This work presents the design, analysis and implementation of the first sub-linear searchable symmetric encryption (SSE) protocol that supports conjunctive search and general Boolean queries on symmetrically-encrypted data and that scales to very large data sets and arbitrarily-structured data including free text search. To date, work in this area has focused mainly on single-keyword search. For the case of conjunctive search, prior SSE constructions required work linear in the total number of documents in the database and provided good privacy only for structured attribute-value data, rendering these solutions too slow and inflexible for large practical databases.
In contrast, our solution provides a realistic and practical trade-off between performance and privacy by efficiently supporting very large databases at the cost of moderate and well-defined leakage to the outsourced server (leakage is in the form of data access patterns, never as direct exposure of plaintext data or searched values). A key aspect of our protocols is that it allows the searcher to pivot its conjunctive search on the estimated least frequent keyword in the conjunction. We show that a Decisional Diffie-Hellman (DDH) based pseudo-random function can be used not just to implement search tokens but also to hide query access pattern of non-pivot, and hence possibly highly frequent, keywords in conjunctive queries. We present a formal cryptographic analysis of the privacy and security of our protocols and establish precise upper bounds on the allowed leakage.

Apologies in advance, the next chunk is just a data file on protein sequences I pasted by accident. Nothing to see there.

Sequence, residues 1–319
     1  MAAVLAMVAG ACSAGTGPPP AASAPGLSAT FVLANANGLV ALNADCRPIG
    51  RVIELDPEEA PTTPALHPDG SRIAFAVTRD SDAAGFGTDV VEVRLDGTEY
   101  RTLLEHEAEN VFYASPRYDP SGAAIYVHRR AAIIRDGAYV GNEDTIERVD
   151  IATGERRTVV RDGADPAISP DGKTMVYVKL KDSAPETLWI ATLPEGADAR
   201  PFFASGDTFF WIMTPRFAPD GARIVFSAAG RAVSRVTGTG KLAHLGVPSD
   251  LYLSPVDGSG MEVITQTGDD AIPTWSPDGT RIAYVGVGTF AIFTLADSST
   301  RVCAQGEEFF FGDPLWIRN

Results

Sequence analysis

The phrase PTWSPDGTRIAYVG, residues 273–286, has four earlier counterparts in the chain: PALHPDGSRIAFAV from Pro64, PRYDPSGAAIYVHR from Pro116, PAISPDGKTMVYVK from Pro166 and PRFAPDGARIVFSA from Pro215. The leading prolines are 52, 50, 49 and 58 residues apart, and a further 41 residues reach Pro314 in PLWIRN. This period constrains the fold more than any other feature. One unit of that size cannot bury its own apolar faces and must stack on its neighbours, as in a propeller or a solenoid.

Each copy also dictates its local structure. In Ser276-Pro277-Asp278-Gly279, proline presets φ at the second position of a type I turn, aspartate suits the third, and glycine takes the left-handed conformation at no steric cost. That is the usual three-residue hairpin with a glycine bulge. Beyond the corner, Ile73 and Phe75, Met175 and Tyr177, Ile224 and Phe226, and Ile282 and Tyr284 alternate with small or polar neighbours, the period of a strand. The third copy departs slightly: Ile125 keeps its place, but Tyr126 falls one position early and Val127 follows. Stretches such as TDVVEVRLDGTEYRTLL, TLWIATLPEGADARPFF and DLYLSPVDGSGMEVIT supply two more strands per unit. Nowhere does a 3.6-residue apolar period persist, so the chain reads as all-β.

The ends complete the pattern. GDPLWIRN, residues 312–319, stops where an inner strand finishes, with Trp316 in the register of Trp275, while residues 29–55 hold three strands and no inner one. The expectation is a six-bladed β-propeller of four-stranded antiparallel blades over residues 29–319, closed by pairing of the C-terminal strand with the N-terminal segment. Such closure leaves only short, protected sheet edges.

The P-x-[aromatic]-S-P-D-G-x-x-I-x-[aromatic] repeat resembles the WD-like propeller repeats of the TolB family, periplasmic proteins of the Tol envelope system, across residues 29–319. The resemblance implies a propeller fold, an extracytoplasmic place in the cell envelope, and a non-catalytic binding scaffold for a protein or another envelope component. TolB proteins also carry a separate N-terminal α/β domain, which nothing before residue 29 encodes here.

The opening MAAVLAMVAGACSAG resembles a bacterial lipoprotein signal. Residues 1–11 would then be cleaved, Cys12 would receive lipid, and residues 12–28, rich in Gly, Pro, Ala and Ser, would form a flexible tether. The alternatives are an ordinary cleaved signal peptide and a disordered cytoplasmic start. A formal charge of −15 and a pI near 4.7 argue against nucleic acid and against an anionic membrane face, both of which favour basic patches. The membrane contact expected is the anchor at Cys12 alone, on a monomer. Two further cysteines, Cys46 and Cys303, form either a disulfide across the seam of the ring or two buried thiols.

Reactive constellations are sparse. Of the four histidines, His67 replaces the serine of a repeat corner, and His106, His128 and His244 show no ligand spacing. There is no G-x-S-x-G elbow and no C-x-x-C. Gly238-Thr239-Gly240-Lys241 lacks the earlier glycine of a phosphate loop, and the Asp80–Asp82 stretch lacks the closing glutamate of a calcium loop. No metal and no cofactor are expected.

To demonstrate the real-world practicality of our approach, we provide performance results of a prototype applied to several large representative data sets.